Writing retreat for East-coast cheapskates?
May 4, 2009 8:14 PM   Subscribe

We've a gallon of Rebel Yell, a tupperware of pesto pasta, and 200 pages to go. But where to? Where in the DC area can we get away from people on Memorial Day weekend for cheap?

My buddy and I have been talking for years about holing up somewhere to polish off some writing. We finally have time this Memorial Day Weekend but, then again, it's Memorial Day Weekend and, worse, we live in the DC-Baltimore area (plagues of humans).

We have a plan -- we'd like to try for a camping spot or a cheap cabin and, if that fails, wait till the last second for a super deal on Hotwire.

Help us narrow down West Virginia or Virginia or Maryland or where. We'd like to go somewhere cheap but somewhere cool, comfortable. Activities not required. A view would be nice as would electricity.

I once stayed in a bayou cabin in Louisiana overlooking gator-infested swamp for $30/night. The place was quiet with fishermen, had a mini-fridge and outlets. Something like that would be perfect.

Other options (including city options) are welcome. Sketchy hotels? Hotwire hotels with views of Baltimore? Maybe we could watch your penthouse while you're out? We'll be awake for 72 hours straight but we promise not to play with fire this time.
posted by metajc to Travel & Transportation around Washington, DC (6 answers total) 3 users marked this as a favorite
West Virginia is a good bet, I think. It may be a popular destination for Memorial Day but is still so sparse that you won't be overwhelmed with people. There are a number of state (and maybe commercial?) parks/resorts out that way that I believe are reasonably priced. Very peaceful and conducive to writing I would imagine.

I stayed in Bluestone State Park a few years ago and it was really nice and peaceful as I recall. Your gallon of Rebel Yell may be a problem, however:
Possession of beer & other alcoholic beverages UNLAWFUL within the boundaries of Bluestone State Park.
If drinking is a big deal to you, camping and/or state parks in MD, VA, PA and WV may be problematic. Personally, I think a gallon of liquor might just get in the way of that 200 pages, although I'm not much of a drinker myself. If drinking is important, looks like Shenandoah National Park allows alcohol. I guarantee you that the park will be super crowded, however.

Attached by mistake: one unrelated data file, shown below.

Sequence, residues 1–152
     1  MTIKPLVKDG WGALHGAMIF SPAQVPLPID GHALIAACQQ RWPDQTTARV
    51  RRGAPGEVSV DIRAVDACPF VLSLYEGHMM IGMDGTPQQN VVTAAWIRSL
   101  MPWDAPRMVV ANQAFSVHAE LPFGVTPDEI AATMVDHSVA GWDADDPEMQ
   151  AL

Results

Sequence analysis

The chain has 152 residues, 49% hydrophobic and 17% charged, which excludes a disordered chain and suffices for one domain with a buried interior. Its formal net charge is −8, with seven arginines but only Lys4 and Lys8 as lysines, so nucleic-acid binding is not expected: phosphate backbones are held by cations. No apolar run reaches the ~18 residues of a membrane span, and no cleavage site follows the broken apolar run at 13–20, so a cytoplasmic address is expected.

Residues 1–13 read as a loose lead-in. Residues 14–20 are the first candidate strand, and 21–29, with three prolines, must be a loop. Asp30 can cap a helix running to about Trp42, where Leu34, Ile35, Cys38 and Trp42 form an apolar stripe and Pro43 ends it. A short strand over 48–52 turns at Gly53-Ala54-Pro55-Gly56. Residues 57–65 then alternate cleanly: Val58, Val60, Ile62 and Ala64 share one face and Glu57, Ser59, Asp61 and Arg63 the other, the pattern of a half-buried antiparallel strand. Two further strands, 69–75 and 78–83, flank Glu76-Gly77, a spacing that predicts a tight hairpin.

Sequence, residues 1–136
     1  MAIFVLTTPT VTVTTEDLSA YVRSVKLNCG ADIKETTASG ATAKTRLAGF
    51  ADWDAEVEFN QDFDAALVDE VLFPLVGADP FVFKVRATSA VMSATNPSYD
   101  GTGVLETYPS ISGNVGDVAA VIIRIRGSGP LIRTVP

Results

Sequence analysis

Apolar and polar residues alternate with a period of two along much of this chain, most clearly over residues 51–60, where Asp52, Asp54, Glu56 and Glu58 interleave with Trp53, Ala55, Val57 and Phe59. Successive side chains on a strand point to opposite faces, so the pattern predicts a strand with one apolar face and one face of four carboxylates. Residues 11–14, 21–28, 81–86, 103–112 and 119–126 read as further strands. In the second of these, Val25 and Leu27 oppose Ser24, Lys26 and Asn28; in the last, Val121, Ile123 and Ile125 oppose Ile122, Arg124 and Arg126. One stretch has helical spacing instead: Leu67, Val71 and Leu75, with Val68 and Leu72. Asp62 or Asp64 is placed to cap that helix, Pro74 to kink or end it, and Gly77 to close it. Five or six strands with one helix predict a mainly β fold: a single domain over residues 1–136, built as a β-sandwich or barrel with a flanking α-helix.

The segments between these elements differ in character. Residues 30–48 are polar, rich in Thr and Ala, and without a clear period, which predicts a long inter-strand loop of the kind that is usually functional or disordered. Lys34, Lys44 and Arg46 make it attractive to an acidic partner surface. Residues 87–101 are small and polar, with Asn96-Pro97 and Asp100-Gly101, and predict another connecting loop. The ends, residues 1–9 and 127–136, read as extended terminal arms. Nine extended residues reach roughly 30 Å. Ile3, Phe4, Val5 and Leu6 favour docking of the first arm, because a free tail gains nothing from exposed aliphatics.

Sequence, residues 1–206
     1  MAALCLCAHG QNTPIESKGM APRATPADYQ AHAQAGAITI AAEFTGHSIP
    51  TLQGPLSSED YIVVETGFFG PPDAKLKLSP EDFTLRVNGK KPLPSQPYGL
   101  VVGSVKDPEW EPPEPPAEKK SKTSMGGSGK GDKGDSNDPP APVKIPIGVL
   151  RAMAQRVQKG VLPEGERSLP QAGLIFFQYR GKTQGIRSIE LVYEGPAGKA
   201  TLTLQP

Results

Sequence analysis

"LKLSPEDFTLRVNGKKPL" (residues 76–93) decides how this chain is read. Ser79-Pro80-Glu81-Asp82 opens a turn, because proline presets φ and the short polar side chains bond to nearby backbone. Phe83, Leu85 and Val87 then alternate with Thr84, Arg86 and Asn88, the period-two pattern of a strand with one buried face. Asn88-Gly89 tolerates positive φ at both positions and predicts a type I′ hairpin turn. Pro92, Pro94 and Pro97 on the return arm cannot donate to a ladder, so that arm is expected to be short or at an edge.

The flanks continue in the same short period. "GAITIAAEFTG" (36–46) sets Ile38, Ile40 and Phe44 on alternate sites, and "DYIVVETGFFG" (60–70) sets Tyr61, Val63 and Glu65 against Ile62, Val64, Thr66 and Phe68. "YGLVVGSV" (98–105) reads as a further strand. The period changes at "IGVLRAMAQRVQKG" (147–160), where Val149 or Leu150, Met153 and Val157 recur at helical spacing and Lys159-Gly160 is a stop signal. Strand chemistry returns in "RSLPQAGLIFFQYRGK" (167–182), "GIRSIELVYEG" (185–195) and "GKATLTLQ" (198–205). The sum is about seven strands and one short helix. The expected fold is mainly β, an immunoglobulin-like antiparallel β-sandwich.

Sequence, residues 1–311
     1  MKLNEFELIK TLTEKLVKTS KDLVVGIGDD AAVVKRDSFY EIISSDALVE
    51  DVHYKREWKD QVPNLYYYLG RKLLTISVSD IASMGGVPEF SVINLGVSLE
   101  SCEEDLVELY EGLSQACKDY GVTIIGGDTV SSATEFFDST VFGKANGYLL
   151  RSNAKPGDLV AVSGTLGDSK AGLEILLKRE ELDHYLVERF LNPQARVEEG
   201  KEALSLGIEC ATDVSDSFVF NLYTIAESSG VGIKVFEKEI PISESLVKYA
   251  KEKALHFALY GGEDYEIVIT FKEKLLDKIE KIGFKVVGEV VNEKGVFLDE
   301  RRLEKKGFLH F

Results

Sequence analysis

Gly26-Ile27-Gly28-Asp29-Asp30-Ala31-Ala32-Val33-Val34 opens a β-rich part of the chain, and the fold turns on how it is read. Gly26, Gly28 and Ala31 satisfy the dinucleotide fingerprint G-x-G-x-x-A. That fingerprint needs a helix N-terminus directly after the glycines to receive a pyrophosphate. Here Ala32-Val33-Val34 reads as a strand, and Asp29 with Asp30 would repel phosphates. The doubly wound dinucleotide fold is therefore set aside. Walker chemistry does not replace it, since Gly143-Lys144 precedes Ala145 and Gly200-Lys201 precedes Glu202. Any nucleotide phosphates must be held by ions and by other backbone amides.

posted by Deathalicious at 11:43 PM on May 4, 2009

Possession of beer & other alcoholic beverages UNLAWFUL within the boundaries of Bluestone State Park.

Er, ahem. If you and your buddy don't plan on raging around the campfire in a whiskey-fueled hoopdeedoo, then you shouldn't run into to much trouble with the alcohol. Keep it in the tent/cabin, drink only from cups, and keep the noise down and no-one will be the wiser. It will be a lot quieter in a campground that prohibits alcohol, because all the other drinkers will be doing the same thing. YMMV, but I've never had a problem with it in other dry campgrounds.
posted by The Light Fantastic at 12:06 AM on May 5, 2009 [1 favorite]

Response by poster: Alcohol is not important to the mission.

Any more suggestions -- good views, few people, low prices?
posted by metajc at 5:46 AM on May 5, 2009

Best answer: Go to Canaan Valley, West Virginia! It's beautiful, out-of-the-way and is always quiet/uncrowded. You can also camp or rent a cabin there inexpensively.
posted by MorningPerson at 7:11 AM on May 5, 2009 [2 favorites]

after the fact, but where did you decide to go?
posted by knockoutking at 10:01 AM on June 29, 2009

Response by poster: @knockoutking

We kind of failed here. There were so many natural spots to choose from that we couldn't choose. We ended up staying in a weird little town near Gettysburg that need not be named. We decided on that because we ran out of time and all the places on VRBO had been rented.
posted by metajc at 10:03 AM on August 4, 2009

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